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Further along the journey to Cape Town we stopped in a town called Mossel Bay. We booked a very cute hotel, The Santos Express, which is an old train looking over the beach. My suit was beautiful and felt like I was transported in time. Unfortunately the weather was not on our side. Rain poured down the entire day. We took a little stroll bout found that not too many places of interest were open so we headed back to the hotel and enjoyed a waterblom bredie, a stew type dish traditional to South Africa. Waterbloem is a small water flower found in small ponds only blooming in the warm winter months. The Waterbloem didn’t add to much of an unknown flavor it is more like having a long slow roasted vegetable like courgette or green beans. The stew is typically made with lamb meat and potatoes.
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Further down the road, our next stop was a little town called Fish Hoek. While searching for a place to sleep for the night and seeing so many cute sea see town pictures we settled on a B&B in Fish Hoek. Little did we know that Fish Hoek did not have the same picturesque vibe that we saw in the surrounding towns like Kalk Bay. Only two restaurants in the town and the one in walking distance was closed. So we caught a cab to Kalk Bay to eat at the Cape to Cuba restaurant. This was a funny place, very bright and colorful with Cuban inspired dishes. The pictures of the food were not notable but this gives you a taste of the decor including a swing.
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Upon arriving in Cape Town we enjoyed a two day stop and  got to explore the city a bit before moving on to the famous South African vineyards.
Cape Town has so many restaurants to choose from. We spent some time at the harbor area that looks out over the small fishing boats, you have an enormous tourist mall and lots of harbor side restaurants. Very, very touristy but endless choice. One of the restaurants we stopped at in the city center was called Hemelhuijs. The food was not only beautiful but also delicious. Starting with an orange wine with basil and soda, I ordered the veal with crab butter, parmesan and pine nuts. This did not disappoint, since both veal and crab are very soft flavors one did not overpower the other and was really a very lovely meal.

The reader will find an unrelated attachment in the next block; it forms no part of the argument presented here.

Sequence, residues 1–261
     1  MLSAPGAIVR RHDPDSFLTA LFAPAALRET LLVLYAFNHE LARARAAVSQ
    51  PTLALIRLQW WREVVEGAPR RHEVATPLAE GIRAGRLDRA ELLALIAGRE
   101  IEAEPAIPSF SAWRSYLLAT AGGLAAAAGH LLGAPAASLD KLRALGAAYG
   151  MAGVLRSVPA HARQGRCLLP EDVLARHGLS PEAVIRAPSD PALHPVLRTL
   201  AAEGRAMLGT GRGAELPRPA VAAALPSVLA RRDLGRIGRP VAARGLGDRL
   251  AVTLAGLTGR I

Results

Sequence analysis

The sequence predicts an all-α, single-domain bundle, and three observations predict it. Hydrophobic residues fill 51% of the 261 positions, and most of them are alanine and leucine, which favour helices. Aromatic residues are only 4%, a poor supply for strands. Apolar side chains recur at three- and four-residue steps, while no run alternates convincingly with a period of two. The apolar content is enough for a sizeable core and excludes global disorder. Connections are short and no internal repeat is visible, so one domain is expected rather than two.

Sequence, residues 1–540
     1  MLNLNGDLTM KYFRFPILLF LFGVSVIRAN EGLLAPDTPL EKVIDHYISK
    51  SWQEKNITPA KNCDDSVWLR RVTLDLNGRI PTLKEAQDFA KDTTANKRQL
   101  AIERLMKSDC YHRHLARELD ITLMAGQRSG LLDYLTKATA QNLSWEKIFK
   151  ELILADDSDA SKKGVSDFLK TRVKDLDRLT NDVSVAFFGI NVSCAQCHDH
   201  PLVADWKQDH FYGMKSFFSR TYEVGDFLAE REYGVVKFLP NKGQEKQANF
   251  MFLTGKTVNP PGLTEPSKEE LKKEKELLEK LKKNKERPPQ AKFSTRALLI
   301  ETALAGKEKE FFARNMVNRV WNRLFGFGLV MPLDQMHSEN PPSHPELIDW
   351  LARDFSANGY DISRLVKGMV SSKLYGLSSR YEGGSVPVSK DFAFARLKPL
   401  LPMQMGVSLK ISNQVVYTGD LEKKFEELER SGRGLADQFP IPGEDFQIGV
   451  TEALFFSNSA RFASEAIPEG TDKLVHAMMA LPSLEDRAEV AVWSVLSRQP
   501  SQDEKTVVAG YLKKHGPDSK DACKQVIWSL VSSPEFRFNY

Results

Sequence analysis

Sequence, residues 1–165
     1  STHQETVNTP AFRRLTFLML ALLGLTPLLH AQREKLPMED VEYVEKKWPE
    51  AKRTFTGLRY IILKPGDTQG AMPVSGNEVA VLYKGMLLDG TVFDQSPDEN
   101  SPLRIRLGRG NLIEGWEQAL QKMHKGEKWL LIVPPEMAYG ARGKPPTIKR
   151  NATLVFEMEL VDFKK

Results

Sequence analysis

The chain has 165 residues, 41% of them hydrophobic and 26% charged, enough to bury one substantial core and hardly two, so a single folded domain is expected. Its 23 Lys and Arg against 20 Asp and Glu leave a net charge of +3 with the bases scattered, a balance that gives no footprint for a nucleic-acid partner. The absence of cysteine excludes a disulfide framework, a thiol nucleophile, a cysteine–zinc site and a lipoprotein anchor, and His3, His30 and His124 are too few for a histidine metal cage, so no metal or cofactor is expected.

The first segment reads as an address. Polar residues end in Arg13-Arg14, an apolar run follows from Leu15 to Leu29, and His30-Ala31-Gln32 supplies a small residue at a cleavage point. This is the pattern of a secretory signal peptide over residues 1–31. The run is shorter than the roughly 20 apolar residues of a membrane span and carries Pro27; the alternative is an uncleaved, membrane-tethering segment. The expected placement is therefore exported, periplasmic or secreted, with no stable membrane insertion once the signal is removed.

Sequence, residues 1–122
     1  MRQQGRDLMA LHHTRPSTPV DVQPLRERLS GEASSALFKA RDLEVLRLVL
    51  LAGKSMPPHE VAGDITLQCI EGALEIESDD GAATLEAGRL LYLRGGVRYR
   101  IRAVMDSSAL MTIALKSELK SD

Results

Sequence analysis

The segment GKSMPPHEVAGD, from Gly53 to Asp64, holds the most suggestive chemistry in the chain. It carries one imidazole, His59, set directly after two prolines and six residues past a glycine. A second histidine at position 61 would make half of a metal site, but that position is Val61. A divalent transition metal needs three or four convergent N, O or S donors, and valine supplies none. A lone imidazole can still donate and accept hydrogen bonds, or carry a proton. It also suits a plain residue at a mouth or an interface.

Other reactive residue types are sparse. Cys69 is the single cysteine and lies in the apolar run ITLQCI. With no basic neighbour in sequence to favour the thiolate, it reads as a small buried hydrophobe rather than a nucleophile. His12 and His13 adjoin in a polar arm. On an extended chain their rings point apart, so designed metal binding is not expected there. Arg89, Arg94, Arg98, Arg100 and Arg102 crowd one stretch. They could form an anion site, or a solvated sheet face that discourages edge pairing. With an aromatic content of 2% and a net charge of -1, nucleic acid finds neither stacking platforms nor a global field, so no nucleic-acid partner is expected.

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South Africa: Safari and Braai

The first couple of days on vacation in South Africa had been a bit chaotic and tightly planned. After arriving in Johannesburg the next morning we caught a new flight to Nelspriut to look at chimpanzees and go on a two day safari. Mostly safaris advertise the big 5:  elephants, rhinos, tigers, leopards, and buffalo. Not only are the big five to be found but many other animals like the giraffe and zebra are part of the experience. Some like the giraffes and elephants are in abundance in Krueger park and are very much out in the open but the leopard and tigers are are a bit more elusive. We got lucky in that we saw all big five plus lots of other animals in the first day. Including a very special mating performance by the lions which the tour guides found to be a special occurrence.

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Part of our safari package was a braai, the traditional South African barbecue. Meet Mark, our safari guide for the day and our braai specialist.
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While chatting with Mark it became clear that the braai is a very special and important part of their South African culture. Any chance he can get and at least once a week they braai. The type of meat changes but for us it was beef steaks royally seasoned with a light spicy chili and herb powder and continually basted with beer. The beer was just the type he was drinking from at the moment.
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Typically to accompany the meat is garlic bread grilled in tinfoil on the grill with corn on the cob also grilled, a green salad, potato salad and a mixed brown and green bean salad. The braai felt very familiar to my Americanness.
Ending the two day safari we visited the Blyde Canyon and stopped at Harrie’s pancake restaurant. This time feeling rather familiar to my dutchness. I usually eat my pancakes filled with sweet ingredients like fresh fruit or syrup. But at Harrie’s their hearty pancakes really did look good so I ordered a spicy mince and cheddar cheese pancake.